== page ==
Tobacco Road Half Marathon Race Report
By John Blausey, FFT Athelte
I recently finished the Tobacco Half Marathon and apparently I did pretty well. With a time of 1:28:55 I was the 30th guy to cross the finish and have a big beer mug that says 2nd place age group. If I sound surprised, I kind of am. It isn’t that I didn’t work really hard. Rather I remember how a friend described my 8min/mi running just three years ago, “John, you sound like Darth Vader in a pair of running shoes”.
I realized I needed some guidance. I asked for coach Alex to work with me almost a year ago because I was on the verge of injuring myself. My legs were hurting. What I was doing is what my stubborn nature told me to do. I ran long, I ran often and I thought that this combination would help me run faster. So I ran and ran and ran some more. I was running 8 minute miles on average and if I was lucky could throw in a 7 minute mile here and there. My ability to run well or consistently was sporadic to non-existent. More importantly, my friends began making comments – regarding my appearance – I did not look healthy.
Like many triathletes I want to qualify for Kona. You have to be a little stubborn to do an Ironman, let alone make it to Kona. However, my stubbornness has been my enemy and without Alex as my coach I would not be any closer to my goal. In fact, I can honestly say, that I’d probably be further from the goal and injured.
My stubbornness required that I learn how to trust Alex and in turn he had to teach me how to properly train. He has had his work cut out for him.
I wanted to start this season with a half-marathon and I wanted to PR it. (My previous two half marathons were done in 2:15:00 and 1:55:00.) Coach recommended that I find a race in early spring so we could focus on my running during the off-season, which we did. A lot of my friends were planning on running the Tobacco half or full marathon, so this was a great race choice – plenty of encouragement to go around.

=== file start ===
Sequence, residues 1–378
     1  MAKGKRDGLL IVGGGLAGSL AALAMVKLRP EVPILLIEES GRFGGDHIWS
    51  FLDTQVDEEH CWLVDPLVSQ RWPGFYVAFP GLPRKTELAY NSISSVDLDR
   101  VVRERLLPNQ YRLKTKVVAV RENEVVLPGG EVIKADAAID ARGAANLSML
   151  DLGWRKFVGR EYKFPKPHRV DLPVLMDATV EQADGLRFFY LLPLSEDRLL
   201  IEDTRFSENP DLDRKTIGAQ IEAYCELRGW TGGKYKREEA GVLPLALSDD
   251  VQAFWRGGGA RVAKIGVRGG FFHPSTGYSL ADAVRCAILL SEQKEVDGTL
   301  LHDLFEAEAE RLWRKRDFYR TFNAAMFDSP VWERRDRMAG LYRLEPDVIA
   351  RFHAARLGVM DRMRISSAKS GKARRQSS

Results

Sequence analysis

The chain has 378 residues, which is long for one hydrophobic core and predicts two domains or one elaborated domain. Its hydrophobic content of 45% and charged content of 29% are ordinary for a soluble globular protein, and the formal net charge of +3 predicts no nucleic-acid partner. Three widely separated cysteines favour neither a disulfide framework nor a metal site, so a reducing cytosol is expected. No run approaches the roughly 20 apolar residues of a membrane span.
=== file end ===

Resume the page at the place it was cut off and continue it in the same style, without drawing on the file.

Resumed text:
On race day, the most awkward moment was getting through to the front of the start chute. I hadn’t realized I could walk around the barriers to the front of the pack. Coach had said to make sure I started in the front. Better to be up front then spend the first miles passing people. There were already a lot of people in the chute. They had pace runners with yellow balloons and big signs stating the pace they were going to hold. I kept asking people to excuse me as I inched through to the front. It was a new experience – and I felt a little awkward – slowly passing the various pace runners – trying diligently to get to the front of a start. Finally I got up to the front and stood in front of the last pace runner – the one who was going to pace those wanting to run a 1:30:00. My goal was a 1:30:00 or faster – so I made sure I stood in front, where I thought, “wow, no more pacers”. There I met up with Ian who has been a great running partner this winter and kindly informed me I got to the front the hard way.
Before the race started I knew beyond a shadow of doubt that I would break 1:30:00. There was no doubt in my mind and I was pleasantly surprised by my confidence. I had put in my time – trained accordingly and was going to rock this race.